Tyler Perry's Madea's Big Happy Family | 2011 | PG-13 | - 4.4.4
A woman (Loretta Devine) with a terminal disease is having difficulty getting her grown children and their kids together to tell them that she's running out of time. Family members are fighting and refuse to be in the same room together, so her aunts (Tyler Perry and Cassi Davis) round up the children (Shad Moss, Shannon Kane and Natalie Desselle-Reid) with their families and order them to appear at a family dinner "or else." Also with Teyana Taylor, Lauren London, David Mann, Tamela Mann, Isaiah Mustafa, Rodney Perry, Philip Anthony-Rodriguez and Jill Scott. Directed by Tyler Perry. [1:46]
- After a man finds out that he is not a woman's father he tells her that he wants to be her man now, implying a sexual relationship; she makes a face and turns away. We hear that a 13-year-old girl had a baby as a result of incest at age 12. A woman points to her large breasts (she is fully clothed) and says, "I double-D dare you" several times when arguing with people.
► Three women wearing short shirts or short-shorts that reveal thighs and sometimes the bottom edge of buttocks with low-cut tops that reveal cleavage appear in several scenes. A woman wears a zip-up top unzipped to her waist to reveal significant cleavage, covered partially by numerous gold chains. Two elderly women seem to be braless under loose-fitting dresses and their breasts bounce and swing comically.
► Three men say women are crazy because they go through menopause. A man says he will start a business for men that want to escape their "baby-mamas" called 1-800-Choke-That-Ho, and repeats the phone number two dozen times as he laughs. An elderly woman asks a 30-something man if he is married (he replies no) and straight (he does not answer) and says she will pop him until he will never forget it (implying having sex). A married man says he has not had sex in a year and would get more love in prison (implying homosexual sex). An older woman tells a younger woman that 40-50 year old man have a midlife crisis that is hard to handle, while the wives are going through menopause, which is also difficult. On a TV show a woman, her adult daughter and a man argue about whether he is the daughter's father. Two men and a woman argue on a TV show about who is the father of her baby. Two women argue briefly about which of them is better in bed and more attractive.
► An 18-year-old man has a 9-month-old baby with one woman and dates another woman. An elderly woman hugs her son-in-law and pats him on the buttocks with both hands as the camera shows his back.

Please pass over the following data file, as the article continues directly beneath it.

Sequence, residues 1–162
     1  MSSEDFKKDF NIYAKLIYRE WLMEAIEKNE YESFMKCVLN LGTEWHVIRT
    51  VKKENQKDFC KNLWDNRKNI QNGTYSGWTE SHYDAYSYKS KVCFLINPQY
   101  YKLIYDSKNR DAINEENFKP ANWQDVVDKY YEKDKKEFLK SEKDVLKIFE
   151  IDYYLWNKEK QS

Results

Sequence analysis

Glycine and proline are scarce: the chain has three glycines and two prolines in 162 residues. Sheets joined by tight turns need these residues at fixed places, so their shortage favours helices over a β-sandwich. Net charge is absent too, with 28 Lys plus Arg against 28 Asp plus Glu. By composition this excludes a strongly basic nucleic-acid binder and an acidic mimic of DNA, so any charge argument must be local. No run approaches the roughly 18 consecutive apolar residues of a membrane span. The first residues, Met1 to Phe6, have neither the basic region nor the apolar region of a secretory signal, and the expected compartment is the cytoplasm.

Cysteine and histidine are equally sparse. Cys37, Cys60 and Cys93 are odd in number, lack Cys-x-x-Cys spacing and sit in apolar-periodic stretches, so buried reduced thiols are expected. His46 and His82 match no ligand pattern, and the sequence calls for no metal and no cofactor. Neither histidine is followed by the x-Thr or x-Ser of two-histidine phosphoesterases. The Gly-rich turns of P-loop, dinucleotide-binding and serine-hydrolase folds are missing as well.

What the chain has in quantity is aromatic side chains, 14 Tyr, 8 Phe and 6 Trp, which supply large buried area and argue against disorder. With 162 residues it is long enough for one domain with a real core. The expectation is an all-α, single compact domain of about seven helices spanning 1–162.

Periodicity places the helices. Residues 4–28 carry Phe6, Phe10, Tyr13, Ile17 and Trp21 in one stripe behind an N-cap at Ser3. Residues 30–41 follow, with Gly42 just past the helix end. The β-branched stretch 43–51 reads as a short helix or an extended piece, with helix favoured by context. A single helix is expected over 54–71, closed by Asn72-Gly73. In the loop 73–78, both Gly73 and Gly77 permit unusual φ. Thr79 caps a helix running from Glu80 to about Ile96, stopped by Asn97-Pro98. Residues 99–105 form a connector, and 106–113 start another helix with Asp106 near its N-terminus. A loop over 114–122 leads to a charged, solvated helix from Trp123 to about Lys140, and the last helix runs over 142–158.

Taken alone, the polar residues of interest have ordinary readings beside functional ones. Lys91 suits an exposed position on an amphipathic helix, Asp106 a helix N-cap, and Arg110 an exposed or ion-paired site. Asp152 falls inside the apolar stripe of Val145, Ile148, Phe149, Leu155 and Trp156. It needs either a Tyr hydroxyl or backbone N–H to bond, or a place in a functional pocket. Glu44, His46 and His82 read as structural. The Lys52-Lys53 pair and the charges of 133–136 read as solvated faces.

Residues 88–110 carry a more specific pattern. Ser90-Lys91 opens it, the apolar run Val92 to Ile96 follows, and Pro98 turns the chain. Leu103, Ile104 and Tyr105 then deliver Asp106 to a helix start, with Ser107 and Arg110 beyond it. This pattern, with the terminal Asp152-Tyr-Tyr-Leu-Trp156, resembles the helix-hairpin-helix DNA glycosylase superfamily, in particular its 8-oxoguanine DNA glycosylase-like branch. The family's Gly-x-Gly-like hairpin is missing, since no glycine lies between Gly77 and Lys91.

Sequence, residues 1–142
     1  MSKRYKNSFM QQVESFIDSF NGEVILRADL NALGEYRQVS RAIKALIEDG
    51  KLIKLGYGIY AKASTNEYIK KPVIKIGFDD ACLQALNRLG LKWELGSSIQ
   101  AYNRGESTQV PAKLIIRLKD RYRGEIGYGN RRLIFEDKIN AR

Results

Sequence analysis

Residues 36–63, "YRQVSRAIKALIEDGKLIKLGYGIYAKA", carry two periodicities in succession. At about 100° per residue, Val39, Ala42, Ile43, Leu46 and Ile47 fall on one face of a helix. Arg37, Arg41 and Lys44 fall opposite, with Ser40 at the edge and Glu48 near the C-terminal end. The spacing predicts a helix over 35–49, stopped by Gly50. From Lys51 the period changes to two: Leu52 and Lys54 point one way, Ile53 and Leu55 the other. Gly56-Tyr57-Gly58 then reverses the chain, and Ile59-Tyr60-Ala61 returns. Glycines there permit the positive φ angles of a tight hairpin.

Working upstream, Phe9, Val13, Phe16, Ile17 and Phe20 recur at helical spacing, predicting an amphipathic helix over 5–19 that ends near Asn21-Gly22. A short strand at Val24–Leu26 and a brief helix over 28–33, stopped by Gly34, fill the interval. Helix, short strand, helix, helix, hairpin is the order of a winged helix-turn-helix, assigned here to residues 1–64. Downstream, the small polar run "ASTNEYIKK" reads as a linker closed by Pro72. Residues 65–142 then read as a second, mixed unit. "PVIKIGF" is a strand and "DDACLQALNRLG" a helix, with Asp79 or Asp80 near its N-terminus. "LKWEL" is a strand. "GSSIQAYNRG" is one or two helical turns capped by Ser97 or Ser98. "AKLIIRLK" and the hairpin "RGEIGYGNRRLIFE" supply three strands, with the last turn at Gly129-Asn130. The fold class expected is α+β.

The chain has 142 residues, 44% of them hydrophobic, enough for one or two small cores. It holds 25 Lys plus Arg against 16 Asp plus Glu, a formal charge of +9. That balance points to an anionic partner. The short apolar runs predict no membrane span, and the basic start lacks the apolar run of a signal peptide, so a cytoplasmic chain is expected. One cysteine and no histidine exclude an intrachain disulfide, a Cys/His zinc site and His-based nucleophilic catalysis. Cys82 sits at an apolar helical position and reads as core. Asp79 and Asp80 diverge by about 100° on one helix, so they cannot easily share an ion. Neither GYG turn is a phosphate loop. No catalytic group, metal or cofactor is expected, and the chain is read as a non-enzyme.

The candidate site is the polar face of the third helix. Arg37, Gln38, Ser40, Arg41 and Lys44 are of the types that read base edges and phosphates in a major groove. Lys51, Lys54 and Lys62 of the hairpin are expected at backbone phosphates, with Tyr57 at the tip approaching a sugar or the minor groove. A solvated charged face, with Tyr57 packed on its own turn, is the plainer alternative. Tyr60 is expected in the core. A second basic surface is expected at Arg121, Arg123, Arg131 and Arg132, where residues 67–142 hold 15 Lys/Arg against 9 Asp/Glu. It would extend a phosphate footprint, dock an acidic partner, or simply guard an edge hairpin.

- When a fast food employee talks on the phone rather than take her order, a woman drives her car through the lobby to the counter, gets out of the car, throws sandwiches at the staff and customers, and shouts about how everyone in the community needs to start respecting one another, especially customers, or she will physically beat them. A woman slaps the faces of two elementary school boys while the she shouts at them after they call her "Old Lady" and sneer; we see this from behind the boys' heads in close up, and we then see their faces from the front moving left and right. A woman slaps a man in the face and knocks him down, telling him he has no sense. On a TV show, a woman jabs her finger into a man's shoulder repeatedly as her words and face are bleeped out during an argument, and takes a hammer out of her purse, threatening other people to stay away or she will pound them (no one is injured).
► A woman, sick with cancer, staggers down a flight of stairs, sits on the bottom step and calls for help to a friend that's residing with her; we then see the woman in a hospital bed. A woman breathes heavily and pants throughout the film and we hear that she has lung cancer and only 2-4 weeks to live. We see four people receiving chemotherapy with an IV line taped to their arms. A man is shown being pushed in a wheelchair to minor surgery for a colon polyp as he cries and shouts for people to pray for him (he is seen recovered later).
► Police officers arrest a man at his house while family members accuse him of selling drugs; he denies it as he is hauled away. A man is fired for being late to work; he and his boss argue and the boss tells him to leave.
► A man tells a woman that her mother is dead and the woman runs into a hospital room and screams as her siblings cry. After being slapped repeatedly, a woman asks her two elementary aged boys why their faces are red, but we do not see any redness and they do not answer.